Artemia are phototropic and will constantly swim towards light, it is possible to help newly hatched Artemia conserve energy and lengthen their early nutritional profile by keeping them in the dark. Fortunately within a couple of days your larval fish will have grown and are able to eat the larger INSTAR II nauplii that have developed mouths and have been fed and enriched on phytoplankton. The Artemia can be fed on a range of phytoplankton species to manipulate their nutritional profiles in the same way that rotifers can. The concentration of Artemia that should be used in the culture vessels is going to depend on the species of fish that you are trying to raise and how much they will eat, concentrations that have been successfully used vary from 0.5/ml to 6/ml.
It is well known that Artemia carry pathogenic bacteria on them, using decapsulated Artemia will help to reduce this but even so water used for hatching Artemia and the Artemia themselves carry huge numbers of dangerous bacteria that your larval fish will have little defence against as their immune systems are not developed in early life. Artemia should therefore always be washed before using them as food, there has also been a lot of research looking into ways of disinfecting live food before it is offered to larval fish. Ozone has long been used as a disinfectant for live food but in recent years hydrogen peroxide has been tested for it’s effectiveness as a disinfectant. Tests have shown that hydrogen peroxide based products can remove over 90% of harmful bacteria with no differences in the fatty acid composition of the live food after use. Hydrogen peroxide readily dissociates into oxygen and water and does not release any toxic products that could be harmful for your baby fish. Recent studies on a new hydrogen peroxide-based product Ox-Aquaculture on rotifers and Artemia nauplii survival and on their associated microbial population have shown good results.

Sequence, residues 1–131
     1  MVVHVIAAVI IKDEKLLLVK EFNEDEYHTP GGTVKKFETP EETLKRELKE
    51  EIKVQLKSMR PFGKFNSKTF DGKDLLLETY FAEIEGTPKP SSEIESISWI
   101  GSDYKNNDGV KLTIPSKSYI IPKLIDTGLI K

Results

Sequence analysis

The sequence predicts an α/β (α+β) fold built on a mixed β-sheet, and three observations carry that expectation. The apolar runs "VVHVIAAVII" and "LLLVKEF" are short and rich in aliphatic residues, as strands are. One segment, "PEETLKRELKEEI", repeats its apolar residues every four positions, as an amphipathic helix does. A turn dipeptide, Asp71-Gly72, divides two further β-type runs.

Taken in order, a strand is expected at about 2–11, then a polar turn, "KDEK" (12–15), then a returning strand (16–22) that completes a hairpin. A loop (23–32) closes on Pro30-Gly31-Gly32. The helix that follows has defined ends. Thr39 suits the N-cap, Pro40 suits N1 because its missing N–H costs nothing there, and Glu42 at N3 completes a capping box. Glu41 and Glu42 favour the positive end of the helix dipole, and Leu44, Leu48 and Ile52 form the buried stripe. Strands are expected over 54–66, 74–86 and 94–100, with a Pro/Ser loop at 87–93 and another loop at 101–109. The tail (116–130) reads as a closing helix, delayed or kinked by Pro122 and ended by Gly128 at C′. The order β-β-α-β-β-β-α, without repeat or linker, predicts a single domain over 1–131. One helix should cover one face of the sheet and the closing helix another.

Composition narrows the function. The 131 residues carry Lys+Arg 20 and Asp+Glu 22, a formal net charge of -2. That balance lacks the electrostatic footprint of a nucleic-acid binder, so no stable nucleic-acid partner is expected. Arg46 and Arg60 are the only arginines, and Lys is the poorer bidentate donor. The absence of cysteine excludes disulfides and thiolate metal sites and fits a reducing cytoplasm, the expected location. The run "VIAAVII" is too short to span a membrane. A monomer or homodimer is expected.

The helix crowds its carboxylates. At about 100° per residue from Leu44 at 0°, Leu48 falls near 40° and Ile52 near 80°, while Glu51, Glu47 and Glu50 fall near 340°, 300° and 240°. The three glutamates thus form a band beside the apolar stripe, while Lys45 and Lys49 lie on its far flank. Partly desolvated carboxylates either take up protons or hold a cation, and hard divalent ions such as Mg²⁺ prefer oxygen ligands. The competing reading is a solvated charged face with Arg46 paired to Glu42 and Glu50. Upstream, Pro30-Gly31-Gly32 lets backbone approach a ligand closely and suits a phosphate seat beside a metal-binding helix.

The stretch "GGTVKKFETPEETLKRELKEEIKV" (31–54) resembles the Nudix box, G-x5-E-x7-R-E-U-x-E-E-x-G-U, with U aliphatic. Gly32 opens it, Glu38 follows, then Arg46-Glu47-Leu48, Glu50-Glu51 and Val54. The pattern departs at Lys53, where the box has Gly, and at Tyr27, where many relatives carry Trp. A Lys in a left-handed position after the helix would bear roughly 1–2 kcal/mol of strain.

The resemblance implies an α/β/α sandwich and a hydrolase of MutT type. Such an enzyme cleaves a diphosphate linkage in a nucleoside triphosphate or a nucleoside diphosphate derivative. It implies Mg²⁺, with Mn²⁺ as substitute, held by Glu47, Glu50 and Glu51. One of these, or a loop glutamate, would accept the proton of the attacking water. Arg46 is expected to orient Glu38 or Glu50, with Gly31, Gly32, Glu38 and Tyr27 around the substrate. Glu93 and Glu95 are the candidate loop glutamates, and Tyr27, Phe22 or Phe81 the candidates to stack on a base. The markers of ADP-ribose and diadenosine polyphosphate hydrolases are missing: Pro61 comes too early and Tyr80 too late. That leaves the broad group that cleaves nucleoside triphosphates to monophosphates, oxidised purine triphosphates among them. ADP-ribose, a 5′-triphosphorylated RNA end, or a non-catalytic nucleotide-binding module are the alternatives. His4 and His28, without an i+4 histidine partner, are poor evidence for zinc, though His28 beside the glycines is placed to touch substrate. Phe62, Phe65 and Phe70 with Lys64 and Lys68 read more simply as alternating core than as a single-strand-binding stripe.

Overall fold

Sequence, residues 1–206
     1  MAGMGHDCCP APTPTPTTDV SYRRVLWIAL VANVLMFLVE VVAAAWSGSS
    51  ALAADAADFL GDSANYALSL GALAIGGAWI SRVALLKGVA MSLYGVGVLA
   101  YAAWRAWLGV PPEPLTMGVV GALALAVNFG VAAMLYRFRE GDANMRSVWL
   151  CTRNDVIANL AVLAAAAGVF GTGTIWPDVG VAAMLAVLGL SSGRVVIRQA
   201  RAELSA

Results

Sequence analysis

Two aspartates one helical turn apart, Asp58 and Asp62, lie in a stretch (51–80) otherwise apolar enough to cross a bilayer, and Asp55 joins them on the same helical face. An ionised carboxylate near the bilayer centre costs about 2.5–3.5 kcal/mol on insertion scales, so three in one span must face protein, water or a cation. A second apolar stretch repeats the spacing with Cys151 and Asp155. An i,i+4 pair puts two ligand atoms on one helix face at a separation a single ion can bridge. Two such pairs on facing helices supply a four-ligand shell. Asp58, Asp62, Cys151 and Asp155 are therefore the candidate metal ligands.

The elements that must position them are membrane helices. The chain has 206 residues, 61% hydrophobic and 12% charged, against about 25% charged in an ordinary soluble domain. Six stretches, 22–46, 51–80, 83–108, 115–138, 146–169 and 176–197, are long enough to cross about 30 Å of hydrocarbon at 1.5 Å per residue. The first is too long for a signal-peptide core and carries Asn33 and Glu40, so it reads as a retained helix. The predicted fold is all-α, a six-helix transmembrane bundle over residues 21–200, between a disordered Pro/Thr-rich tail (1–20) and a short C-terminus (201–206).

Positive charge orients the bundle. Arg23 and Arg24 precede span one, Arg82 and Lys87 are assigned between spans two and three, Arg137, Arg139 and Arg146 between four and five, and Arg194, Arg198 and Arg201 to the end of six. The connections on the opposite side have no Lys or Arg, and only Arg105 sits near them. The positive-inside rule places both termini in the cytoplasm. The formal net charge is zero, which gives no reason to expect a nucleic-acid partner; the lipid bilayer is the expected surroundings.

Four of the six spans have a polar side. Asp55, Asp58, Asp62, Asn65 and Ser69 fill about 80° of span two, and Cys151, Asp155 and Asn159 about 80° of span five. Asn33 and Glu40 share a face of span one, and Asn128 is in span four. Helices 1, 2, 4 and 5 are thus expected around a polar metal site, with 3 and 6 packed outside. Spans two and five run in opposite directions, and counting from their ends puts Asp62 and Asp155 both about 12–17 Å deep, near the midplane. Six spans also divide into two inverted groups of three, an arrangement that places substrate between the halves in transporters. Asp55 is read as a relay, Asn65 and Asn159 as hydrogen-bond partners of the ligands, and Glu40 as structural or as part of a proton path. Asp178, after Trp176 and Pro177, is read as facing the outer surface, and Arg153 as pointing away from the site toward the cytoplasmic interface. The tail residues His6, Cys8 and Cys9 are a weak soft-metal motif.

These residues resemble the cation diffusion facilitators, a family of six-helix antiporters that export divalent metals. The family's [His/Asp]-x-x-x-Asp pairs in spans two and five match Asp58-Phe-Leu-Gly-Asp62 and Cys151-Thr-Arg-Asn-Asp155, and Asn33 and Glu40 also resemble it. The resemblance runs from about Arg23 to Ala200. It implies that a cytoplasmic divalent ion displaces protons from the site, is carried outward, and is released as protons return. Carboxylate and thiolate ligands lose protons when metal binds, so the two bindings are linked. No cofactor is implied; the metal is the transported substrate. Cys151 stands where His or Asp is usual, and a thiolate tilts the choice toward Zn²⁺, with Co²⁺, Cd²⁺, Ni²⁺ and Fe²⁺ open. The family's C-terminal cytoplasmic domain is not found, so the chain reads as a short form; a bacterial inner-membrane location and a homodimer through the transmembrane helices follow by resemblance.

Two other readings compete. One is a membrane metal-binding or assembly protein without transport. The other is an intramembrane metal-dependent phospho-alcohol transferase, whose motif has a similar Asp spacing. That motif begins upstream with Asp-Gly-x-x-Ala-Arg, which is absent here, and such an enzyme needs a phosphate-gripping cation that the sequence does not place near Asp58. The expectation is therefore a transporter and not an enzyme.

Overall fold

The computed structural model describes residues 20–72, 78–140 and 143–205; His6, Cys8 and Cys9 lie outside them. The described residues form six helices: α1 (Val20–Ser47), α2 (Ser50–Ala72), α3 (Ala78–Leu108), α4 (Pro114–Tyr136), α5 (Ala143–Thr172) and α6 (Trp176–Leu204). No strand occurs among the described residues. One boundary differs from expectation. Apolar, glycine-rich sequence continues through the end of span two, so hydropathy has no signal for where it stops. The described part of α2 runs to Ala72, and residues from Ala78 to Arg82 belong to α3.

It should be remembered that whatever live food you are culturing to feed your larval fish can be a dangerous source of pathogens and cultures should be maintained as cleanly as possible and you may want to disinfect all types of live food before offering them to your larval fish. Although the ease of hatching and using Artemia makes them attractive they are not a natural marine zooplankton and their tough carapace makes them difficult for young fry to digest. Accompanied by a poor nutritional profile and high pathogen levels we could do with a better second food for larval fish rearing. Fortunately in recent years copepods have become much more available.
Copepods form a large part of the oceans zooplankton and are a major source of live food for larval fish in the wild. In recent years harpacticoid copepods have become available on the market in the UK, the most common being Tigriopus californicus. These copepods are easy to culture in any small glass tank or container using newly mixed synthetic seawater and gentle aeration, they can be kept at a range of salinities and at room temperature. These copepods can again be cultured on phytoplankton although larger species such as Isochrysis sp. are preferable over smaller phytoplankton such as Nannochloropsis sp. Unlike rotifers copepods reproduce sexually, they have a lengthy life cycle and can live for several weeks.